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Chantilly, Virginia
Central Chantilly
Central Chantilly
Location of Chantilly in Fairfax County, Virginia
Location of Chantilly in Fairfax County, Virginia
Chantilly, Virginia is located in Northern Virginia
Chantilly, Virginia
Chantilly, Virginia
Location in Northern Virginia
Chantilly, Virginia is located in Virginia
Chantilly, Virginia
Chantilly, Virginia
Location in Virginia
Chantilly, Virginia is located in the United States
Chantilly, Virginia
Chantilly, Virginia
Location in the United States
Country United States
State Virginia
County Fairfax
 • Total 12.15 sq mi (31.47 km2)
 • Land 12.02 sq mi (31.13 km2)
 • Water 0.13 sq mi (0.34 km2)
322 ft (98 m)
 • Total 23,039
 • Density 1,917/sq mi (740.0/km2)
Time zone UTC−5 (Eastern)
 • Summer (DST) UTC−4 (Eastern)
ZIP Codes
Area code(s) 703, 571
FIPS code 51-14744
GNIS feature ID 1495375

Chantilly is a census-designated place (CDP) in western Fairfax County, Virginia, United States. The population was 23,039 at the 2010 census. Chantilly is named after an early-19th-century mansion and farm, which in turn took the name of an 18th-century plantation that was located in Westmoreland County, Virginia. The name "Chantilly" originated in France with the Château de Chantilly, about 28 miles north of Paris.

Located in the Northern Virginia portion of the Washington metropolitan area, Chantilly sits approximately 25 miles (40 km) west of Washington, D.C., via Interstate 66 and U.S. Route 50. It is located between Centreville to the south, Herndon and Reston to the north and northeast, respectively, and Fairfax 7 miles (11 km) to the southeast. U.S. Route 50 and Virginia State Route 28 intersect in Chantilly, and these highways provide access to the Dulles/Reston/Tysons Corner technology corridor and other major employment centers in Northern Virginia and Washington, D.C.


Sully Plantation (Sully Historic Site) Main House
Chantilly VA Historic Building
The Stone House. The only building of the former Chantilly Plantation (not to be confused with the Sully Plantation) that still exists today. It is located on the north side of Route 50, across from the Greenbriar Shopping Center. Historical evidence strongly suggests the Stone House was an overseer's quarters before the Civil War, and became a tavern later.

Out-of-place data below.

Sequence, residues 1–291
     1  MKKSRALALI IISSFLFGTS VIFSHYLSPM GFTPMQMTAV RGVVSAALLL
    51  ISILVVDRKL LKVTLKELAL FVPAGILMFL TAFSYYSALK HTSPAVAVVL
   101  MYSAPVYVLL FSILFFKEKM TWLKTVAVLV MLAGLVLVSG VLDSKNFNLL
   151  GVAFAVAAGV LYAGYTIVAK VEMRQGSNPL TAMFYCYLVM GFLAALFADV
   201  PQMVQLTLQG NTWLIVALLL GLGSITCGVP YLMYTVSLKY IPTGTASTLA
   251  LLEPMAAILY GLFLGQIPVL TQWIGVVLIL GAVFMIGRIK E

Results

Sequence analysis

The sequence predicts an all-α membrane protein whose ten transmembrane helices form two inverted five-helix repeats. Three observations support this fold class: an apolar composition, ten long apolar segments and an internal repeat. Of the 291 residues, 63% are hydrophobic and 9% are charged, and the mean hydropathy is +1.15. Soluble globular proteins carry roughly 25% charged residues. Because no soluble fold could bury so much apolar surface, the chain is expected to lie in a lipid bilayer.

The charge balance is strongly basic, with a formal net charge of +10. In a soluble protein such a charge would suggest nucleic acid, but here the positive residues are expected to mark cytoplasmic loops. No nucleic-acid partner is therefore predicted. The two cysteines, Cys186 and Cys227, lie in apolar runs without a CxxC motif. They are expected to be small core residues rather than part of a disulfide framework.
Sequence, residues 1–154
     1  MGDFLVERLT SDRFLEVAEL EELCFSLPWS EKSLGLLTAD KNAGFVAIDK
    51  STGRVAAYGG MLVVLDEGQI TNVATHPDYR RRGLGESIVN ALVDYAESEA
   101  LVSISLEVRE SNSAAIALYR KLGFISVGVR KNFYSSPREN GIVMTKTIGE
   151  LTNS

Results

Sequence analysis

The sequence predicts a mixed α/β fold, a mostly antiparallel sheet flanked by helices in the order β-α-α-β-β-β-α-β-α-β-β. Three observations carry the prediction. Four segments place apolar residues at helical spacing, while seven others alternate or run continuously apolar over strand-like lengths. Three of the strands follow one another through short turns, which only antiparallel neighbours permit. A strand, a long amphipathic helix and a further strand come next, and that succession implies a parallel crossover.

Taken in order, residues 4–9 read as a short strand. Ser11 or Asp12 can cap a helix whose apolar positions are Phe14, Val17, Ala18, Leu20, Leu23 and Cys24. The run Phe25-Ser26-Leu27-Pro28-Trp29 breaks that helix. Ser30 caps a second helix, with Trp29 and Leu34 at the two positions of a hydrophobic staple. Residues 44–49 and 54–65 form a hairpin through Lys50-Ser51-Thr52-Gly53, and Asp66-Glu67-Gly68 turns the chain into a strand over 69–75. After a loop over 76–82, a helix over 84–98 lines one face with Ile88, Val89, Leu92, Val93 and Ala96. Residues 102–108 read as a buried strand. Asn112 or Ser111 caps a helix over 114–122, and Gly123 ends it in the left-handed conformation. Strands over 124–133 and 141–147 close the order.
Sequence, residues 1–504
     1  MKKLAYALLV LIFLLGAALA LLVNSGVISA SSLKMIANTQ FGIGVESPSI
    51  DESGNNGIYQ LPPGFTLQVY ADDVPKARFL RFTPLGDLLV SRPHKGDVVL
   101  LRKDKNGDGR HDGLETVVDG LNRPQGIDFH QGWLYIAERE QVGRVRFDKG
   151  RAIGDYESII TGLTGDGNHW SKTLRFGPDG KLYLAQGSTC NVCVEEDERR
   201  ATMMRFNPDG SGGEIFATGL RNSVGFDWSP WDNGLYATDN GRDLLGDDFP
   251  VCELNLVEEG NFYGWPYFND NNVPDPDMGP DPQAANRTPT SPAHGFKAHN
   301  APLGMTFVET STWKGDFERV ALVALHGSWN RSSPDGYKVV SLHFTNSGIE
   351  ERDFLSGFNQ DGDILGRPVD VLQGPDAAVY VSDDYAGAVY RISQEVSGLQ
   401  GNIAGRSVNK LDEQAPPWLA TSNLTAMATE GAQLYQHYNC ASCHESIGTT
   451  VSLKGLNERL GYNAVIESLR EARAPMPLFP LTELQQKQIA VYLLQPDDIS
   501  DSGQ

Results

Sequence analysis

Chantilly was home to a number of colonial plantations in the 1700s, including the Sully Plantation (now the Sully Historic Site) built by Richard Bland Lee I. Other plantations included George Richard Lee Turberville's "Leeton Grove" (originally a 5,000+ acre plantation, the main house of which still stands at 4619 Walney Rd.), the John Hutchison Farm, and the Chantilly Plantation, after which Chantilly is named. Cornelia Lee Turberville Stuart, who was born at Leeton and was the daughter of George Richard Lee Turberville and Henrietta Lee, inherited a portion of Leeton in 1817 from her father. Stuart and her husband Charles Calvert Stuart, whom she had married in 1816, constructed the Chantilly Plantation and named it after the Westmoreland County plantation owned by her grandfather, Richard Henry Lee, a signer of the Declaration of Independence. During the Civil War, federal troops destroyed by fire the Chantilly Plantation manor house. One building remains, a stone house across Route 50 from the Greenbriar Shopping Center. While it is not clear what this stone house was used for, most historical evidence suggests it was probably a plantation overseer's quarters during the antebellum period, and a tavern or boarding house following the war. After the war, Cornelia Stuart, who had become deeply in debt, sold her 1,064-acre (431 ha) Chantilly estate. The advertisement for the sale referenced several "tenements", one of which was the Stone House.